On the other hand, there are agencies who request far too much. For example, there are some which demand a one-page synopsis for every chapter as well as a detailed account of the entire plot. In some ways this is a lot better, since with a blow-by-blow description of your book you can really sell it. On the other hand, since rejection is borderline inevitable, it is a lot of work for absolutely nothing. 

3. Demanding exclusivity.

People on writers’ forums describe agents as being out of touch, and this is something that I think demonstrates that fact admirably. A few agents state that they don’t take kindly to writers carpet bombing submissions to every agent in the country, but since response times are 6-8 weeks, I’m not sure who they expect is going to wait that long to hear from a single agency that won’t even bother to reply if they haven’t got the gig. Beyond that, full manuscript requests are rare and offers of representation even scarcer, so I don’t know who they’re trying to kid when they think people are actually going to send off to them. Authors with no representation owe loyalty to no one, and I think it’s rather arrogant for these people to expect to be treated with such deference. I do what I imagine everyone else does, and send off to them anyone, pretending to do as they say but in truth writing to anybody and everybody who’ll accept submissions. Yeah. I’m a badass. Fuck the police.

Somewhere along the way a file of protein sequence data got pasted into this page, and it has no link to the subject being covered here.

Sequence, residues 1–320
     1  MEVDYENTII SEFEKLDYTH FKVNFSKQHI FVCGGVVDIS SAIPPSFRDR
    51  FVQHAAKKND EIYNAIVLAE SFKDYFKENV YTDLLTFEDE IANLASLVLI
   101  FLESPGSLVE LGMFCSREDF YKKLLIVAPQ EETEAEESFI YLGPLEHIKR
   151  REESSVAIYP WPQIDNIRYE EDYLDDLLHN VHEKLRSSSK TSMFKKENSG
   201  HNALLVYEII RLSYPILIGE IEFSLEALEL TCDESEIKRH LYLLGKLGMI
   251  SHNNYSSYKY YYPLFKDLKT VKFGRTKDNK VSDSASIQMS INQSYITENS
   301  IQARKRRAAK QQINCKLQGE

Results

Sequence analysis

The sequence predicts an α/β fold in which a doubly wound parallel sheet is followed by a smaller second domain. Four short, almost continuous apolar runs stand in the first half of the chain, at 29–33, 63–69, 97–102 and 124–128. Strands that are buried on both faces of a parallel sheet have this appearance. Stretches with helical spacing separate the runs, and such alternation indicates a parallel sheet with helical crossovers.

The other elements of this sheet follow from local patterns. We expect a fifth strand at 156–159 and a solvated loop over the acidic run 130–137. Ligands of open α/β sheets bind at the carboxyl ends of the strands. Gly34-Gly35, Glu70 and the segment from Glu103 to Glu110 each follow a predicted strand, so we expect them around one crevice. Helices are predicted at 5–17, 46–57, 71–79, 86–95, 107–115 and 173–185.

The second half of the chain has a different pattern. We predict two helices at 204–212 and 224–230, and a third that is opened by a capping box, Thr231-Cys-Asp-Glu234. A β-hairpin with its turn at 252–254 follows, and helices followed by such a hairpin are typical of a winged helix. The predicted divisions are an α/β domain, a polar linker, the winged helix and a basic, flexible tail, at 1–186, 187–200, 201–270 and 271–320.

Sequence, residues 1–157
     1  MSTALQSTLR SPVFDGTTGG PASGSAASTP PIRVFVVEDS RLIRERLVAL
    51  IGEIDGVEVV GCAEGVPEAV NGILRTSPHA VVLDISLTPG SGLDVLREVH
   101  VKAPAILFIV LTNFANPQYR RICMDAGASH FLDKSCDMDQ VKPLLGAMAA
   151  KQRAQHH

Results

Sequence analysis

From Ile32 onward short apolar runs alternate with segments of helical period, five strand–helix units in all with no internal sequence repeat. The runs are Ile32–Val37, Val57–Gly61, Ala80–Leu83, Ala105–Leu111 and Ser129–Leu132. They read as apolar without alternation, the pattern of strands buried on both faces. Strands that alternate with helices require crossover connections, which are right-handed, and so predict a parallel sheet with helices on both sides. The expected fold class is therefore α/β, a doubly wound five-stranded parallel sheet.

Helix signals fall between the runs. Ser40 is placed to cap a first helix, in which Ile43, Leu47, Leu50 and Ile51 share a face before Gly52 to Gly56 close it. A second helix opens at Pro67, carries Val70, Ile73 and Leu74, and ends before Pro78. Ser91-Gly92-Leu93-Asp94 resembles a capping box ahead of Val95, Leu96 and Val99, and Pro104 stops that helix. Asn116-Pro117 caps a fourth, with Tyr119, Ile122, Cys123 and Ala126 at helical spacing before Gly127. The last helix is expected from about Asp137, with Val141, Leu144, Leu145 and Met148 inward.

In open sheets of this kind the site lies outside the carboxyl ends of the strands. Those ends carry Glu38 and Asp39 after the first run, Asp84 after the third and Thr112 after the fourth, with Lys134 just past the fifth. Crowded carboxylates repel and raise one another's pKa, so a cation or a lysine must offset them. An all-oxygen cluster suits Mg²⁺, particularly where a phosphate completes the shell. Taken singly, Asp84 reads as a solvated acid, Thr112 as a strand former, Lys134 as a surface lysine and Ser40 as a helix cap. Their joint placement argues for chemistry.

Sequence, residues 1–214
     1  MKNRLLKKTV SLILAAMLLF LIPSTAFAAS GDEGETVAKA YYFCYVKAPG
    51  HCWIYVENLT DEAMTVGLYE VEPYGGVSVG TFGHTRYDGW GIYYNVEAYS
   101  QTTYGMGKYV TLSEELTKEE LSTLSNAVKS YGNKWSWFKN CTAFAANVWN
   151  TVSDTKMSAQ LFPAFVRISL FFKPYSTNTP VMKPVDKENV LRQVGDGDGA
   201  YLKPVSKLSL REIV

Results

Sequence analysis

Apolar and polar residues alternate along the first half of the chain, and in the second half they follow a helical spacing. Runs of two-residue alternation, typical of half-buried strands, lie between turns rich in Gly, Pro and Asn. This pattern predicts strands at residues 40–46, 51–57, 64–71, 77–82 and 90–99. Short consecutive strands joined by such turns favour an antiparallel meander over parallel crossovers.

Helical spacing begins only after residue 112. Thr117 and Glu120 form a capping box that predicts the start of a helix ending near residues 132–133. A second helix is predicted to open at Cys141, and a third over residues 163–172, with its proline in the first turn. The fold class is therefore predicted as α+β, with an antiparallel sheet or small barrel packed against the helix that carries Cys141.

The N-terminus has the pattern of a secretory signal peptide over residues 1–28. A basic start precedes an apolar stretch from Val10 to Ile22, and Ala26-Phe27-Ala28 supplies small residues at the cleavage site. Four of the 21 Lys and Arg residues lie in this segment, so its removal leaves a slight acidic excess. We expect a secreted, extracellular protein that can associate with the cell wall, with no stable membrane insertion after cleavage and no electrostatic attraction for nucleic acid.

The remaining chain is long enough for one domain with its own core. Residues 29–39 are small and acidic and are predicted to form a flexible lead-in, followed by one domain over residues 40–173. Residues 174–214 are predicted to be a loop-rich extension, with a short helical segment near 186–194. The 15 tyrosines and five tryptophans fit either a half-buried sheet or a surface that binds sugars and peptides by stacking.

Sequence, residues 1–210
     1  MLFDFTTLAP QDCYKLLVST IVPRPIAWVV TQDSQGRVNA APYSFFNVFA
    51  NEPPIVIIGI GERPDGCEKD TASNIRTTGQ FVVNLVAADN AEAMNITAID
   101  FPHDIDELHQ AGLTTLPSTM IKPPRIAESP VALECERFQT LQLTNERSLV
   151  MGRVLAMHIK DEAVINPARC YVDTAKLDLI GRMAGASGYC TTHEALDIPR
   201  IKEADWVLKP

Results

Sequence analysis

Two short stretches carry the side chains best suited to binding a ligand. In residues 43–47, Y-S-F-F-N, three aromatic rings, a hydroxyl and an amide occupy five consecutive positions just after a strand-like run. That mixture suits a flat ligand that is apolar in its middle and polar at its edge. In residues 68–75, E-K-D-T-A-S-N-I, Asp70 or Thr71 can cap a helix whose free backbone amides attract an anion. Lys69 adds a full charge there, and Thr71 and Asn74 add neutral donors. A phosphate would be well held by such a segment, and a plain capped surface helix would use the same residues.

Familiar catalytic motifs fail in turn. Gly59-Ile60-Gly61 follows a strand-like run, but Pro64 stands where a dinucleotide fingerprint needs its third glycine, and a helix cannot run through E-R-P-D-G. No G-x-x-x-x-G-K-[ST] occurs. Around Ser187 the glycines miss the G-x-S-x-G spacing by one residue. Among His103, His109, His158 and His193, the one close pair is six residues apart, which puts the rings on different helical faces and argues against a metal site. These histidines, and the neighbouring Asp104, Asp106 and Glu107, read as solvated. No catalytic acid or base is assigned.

So there you go. Three pet peeves that piss me off. I’ll probably post another one of these next week when I’ve thought of some other things. 

About tcjogden69

Former soldier, current boxing trainer/student living in Tbilisi.
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9 Responses to Writing & Agents Part 3: Pet Peeves

  1. tmewalsh says:

    Pet peeve – not bothering to even write your name when sending you a rejection email – That’s just plain rude.

  2. TheGirl says:

    Exclusivity is a new one, but I did hear that you should be careful when you query a lot of agents or publishers, because people do talk. Sounds like someone should publish independently.

    • tcjogden69 says: